(e) eliminating existing line six for transferring the reflux from the overhead accumulator of the modified EDC into the LLE column through a lower locus thereof;
(f) eliminating an existing line for introducing the hydrocarbon-free lean solvent from the bottom of the SRC into the bottom line of the LLE column containing the solvent-rich, aromatic extract or eliminating an existing line for introducing aromatic-containing rich solvent from the side-cut of the SRC into the bottom line of the LLE column containing the solvent-rich, aromatic extract; and
(g) optionally, installing a twelfth line for recycling at least a portion of the non-aromatic raffinate from line four in step (iv) into the hydrocarbon feed stream to the LLE column to enhance phase separation between the aromatic-containing extract phase and the non-aromatic raffinate phase in the column.
2. A process for aromatic hydrocarbon recovery from feed which comprises a hydrocarbon mixture of aromatic and non-aromatic hydrocarbons that comprises the steps of:
(a) introducing the hydrocarbon mixture into a liquid-liquid extraction (LLE) column, through a middle locus thereof, and introducing a portion of lean solvent from the bottom of a solvent recovery column (SRC) into the LLE column, through an upper locus thereof, therein contacting the hydrocarbon mixture with polar lean solvent characteristically selective for extracting aromatic hydrocarbons, at conditions selected to maintain the mixture and solvent in liquid phase;
(b) removing a non-aromatic raffinate stream from the LLE column, through a top locus thereof, and removing a solvent-rich aromatic extract stream from the LLE column, through a bottom locus thereof;
(c) introducing the solvent-rich aromatic extract stream into a modified extractive distillation column (EDC), through a middle locus thereof, and introducing a portion of the polar lean solvent from the bottom of the SRC into the modified EDC, through an upper locus thereof, therein contacting the hydrocarbon mixture with the polar lean solvent characteristically selective for absorbing the aromatic hydrocarbons, at conditions selected to maintain at least a portion of the hydrocarbon mixture in vapor phase and the solvent in liquid phase;
(d) removing a non-aromatic concentrate from the modified EDC, through a top locus thereof, and removing a solvent-rich aromatic concentrate from the modified EDC, through a bottom locus thereof;
(e) combining the non-aromatic concentrate from step (d) with the non-aromatic raffinate stream from step (b) to form a mixture that is introduced into a water wash column (WWC) through a lower, first locus thereof, and introducing at least a portion of water condensate that is collected from an overhead of the SRC into the WWC through an upper, second locus thereof, thereby producing a solvent-free non-aromatic stream through a top, third locus thereof, and removing a water stream containing solvent through a bottom, fourth locus thereof to generate stripping steam through a steam generator;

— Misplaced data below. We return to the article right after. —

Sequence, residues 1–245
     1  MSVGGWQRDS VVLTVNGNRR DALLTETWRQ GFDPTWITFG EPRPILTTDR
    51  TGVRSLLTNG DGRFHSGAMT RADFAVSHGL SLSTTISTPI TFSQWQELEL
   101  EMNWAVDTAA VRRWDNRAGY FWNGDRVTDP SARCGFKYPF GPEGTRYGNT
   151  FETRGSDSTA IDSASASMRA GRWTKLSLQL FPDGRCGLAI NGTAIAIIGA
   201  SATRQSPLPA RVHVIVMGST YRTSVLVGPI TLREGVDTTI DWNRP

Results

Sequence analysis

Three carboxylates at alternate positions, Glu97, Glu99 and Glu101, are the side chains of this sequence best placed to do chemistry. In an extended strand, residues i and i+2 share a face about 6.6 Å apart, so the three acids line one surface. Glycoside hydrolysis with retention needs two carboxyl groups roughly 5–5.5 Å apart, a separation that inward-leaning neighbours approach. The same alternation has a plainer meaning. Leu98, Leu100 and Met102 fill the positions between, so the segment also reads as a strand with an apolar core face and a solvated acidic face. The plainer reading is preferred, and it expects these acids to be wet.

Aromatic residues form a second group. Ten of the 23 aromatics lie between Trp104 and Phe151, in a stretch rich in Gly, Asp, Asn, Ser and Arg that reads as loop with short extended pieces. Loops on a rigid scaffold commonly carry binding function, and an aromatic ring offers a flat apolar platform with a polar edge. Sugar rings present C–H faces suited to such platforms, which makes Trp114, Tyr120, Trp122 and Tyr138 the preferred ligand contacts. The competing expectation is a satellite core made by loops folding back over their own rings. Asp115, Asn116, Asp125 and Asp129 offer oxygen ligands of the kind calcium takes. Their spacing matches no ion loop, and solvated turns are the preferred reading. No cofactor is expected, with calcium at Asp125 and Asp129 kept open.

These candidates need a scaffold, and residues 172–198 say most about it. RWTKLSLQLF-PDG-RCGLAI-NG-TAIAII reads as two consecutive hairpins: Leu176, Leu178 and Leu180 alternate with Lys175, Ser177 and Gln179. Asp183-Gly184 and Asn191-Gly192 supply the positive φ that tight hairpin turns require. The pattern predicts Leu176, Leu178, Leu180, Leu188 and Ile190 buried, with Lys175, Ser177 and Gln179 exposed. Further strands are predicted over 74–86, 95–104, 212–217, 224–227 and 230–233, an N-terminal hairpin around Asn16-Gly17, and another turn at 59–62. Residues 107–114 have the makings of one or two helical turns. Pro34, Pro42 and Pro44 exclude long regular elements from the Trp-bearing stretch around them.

(f) introducing the solvent-rich aromatic concentrate from step (d) into the SRC, through a middle, first locus thereof, and introducing at least a portion of the steam from step (e) as a vaporous stripping medium into a lower, second locus thereof, and recovering a substantially solvent-free aromatic concentrate through an upper, third locus thereof, and removing a substantially hydrocarbon-free, lean solvent stream from a lower, fourth locus thereof;
(g) introducing at least a portion of the lean solvent stream from step (f) into a solvent regenerator (SRG) through an upper locus thereof, and introducing at least a portion of steam generated from step (e) into the SRG through a lower locus thereof, and withdrawing regenerated solvent, containing substantially all the stripping steam, from the SRG through a top locus thereof, which is then introduced into the SRC through a lower locus thereof; and
(h) optionally recycling at least a portion of the non-aromatic raffinate stream from step (b) into the hydrocarbon feed stream to the LLE column to enhance phase separation between the aromatic-containing extract phase and the non-aromatic raffinate phase in the column.
3. The process of claim 2 wherein the aromatic hydrocarbons comprise benzene, toluene, ethylbenzene, xylenes, C9 + aromatics, and mixtures thereof and the non-aromatic hydrocarbons comprise C5 to C9 + paraffins, naphthenes, olefins, and mixtures thereof.
4. The process of claim 2 wherein the polar solvent is selected from the group consisting of sulfolane, sulfolane with water as co-solvent, tetraethylene glycol (TTEG), TTEG with water as co-solvent, sulfolane and TTEG mixtures, sulfolane and TTEG mixtures with water as co-solvent, triethylene glycol (TEG), and TEG with water as co-solvent, sulfolane and TEG mixtures, sulfolane and TEG mixtures with water as co-solvent, and the combinations thereof.